A Cincinnati judge refused yesterday to dismiss obscenity charges against a gallery that showed an exhibit of Robert Mapplethorpe photographs, and scheduled a trial for Sept. 22.
"I'm not surprised," said lawyer Louis Sirkin, who represents the Contemporary Arts Center and its director, Dennis Barrie. "We suffer our disappointment and go on to the next round."
Senior Assistant City Prosecutor Frank Prouty declined to comment.
Judge David Albanese noted that the case is apparently the first obscenity prosecution of an art museum or gallery in U.S. history, but he observed that the not-for-profit arts center is "more aptly defined as a gallery" and is not technically a museum under state law. Arts center officials showed the Mapplethorpe work, which includes homoerotic and sadomasochistic images, even though they knew "that a confrontation was inevitable," he said in his ruling.
Albanese rejected several procedural arguments advanced by the arts center, including the contention that prosecutors unfairly focused on the center when examples of Mapplethorpe's work could be seen in libraries and bookstores in the area. "It is well documented that a conscious exercise of some selectivity in enforcing the law does not in itself violate the U.S. Constitution," Albanese held.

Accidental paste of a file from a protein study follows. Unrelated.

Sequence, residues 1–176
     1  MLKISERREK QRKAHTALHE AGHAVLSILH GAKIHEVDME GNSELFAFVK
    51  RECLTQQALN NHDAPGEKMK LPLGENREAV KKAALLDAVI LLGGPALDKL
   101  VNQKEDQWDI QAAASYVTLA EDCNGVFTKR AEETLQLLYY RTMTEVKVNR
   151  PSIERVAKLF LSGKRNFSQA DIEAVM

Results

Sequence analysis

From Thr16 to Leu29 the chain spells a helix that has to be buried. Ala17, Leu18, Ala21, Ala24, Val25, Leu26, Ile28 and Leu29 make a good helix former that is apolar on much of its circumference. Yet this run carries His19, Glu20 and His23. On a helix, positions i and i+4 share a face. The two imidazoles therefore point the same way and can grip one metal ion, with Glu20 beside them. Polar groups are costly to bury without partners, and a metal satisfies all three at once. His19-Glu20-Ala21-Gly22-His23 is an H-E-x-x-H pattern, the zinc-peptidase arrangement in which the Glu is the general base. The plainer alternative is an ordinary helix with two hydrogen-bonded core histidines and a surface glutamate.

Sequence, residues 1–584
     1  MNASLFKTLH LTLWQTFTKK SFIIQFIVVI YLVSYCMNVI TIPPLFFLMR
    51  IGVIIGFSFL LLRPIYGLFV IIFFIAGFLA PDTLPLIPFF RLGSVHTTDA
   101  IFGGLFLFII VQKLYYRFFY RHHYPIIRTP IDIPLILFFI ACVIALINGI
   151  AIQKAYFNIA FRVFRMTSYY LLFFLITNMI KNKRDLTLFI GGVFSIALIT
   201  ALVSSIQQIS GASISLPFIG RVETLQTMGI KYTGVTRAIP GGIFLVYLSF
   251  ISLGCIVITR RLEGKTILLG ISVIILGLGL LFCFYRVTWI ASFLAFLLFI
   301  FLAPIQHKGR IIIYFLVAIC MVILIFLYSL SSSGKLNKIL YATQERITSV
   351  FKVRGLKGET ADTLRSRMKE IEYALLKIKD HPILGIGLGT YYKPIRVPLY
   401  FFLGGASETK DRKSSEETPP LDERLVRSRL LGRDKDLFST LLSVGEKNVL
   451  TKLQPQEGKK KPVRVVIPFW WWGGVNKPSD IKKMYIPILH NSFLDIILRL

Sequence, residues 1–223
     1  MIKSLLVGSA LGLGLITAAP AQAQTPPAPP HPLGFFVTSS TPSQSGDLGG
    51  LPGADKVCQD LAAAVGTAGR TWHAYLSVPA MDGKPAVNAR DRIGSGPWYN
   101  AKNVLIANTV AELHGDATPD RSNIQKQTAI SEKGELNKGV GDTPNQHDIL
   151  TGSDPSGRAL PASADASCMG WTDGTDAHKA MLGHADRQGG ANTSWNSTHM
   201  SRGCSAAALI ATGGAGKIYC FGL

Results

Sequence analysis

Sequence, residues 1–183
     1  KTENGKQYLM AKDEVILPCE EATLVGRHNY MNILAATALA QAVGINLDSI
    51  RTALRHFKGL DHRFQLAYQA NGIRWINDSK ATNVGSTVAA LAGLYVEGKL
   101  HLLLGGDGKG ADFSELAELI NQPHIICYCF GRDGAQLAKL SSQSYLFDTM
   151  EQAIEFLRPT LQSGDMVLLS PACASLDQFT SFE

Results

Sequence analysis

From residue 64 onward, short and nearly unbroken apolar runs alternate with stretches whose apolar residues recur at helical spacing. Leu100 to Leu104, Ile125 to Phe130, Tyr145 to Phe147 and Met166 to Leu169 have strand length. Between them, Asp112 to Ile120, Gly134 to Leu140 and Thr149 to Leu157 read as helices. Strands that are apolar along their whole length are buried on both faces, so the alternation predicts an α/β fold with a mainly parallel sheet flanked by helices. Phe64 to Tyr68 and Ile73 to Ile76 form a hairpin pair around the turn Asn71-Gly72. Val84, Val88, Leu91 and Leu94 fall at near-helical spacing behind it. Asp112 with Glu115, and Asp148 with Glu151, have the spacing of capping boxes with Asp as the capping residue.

The judge will hold an Aug. 20 hearing on whether the jury may focus only on seven photographs identified in the indictments or whether the entire exhibit must be considered. The Supreme Court has ruled that works must be considered "as a whole" when obscenity determinations are made.
Cincinnati prosecutors went to a grand jury within hours after the arts center opened the Mapplethorpe exhibit on April 7 and won an indictment against Barrie and the center on two misdemeanor charges each. Police then cleared the crowded arts center to videotape evidence, but a federal judge issued an order forbidding local authorities to interfere with the exhibit. The show remained open as scheduled through May 26.
Mapplethorpe's works sparked the ongoing controversy over freedom of expression and federal funding of the arts after Washington's Corcoran Gallery canceled the exhibit last summer.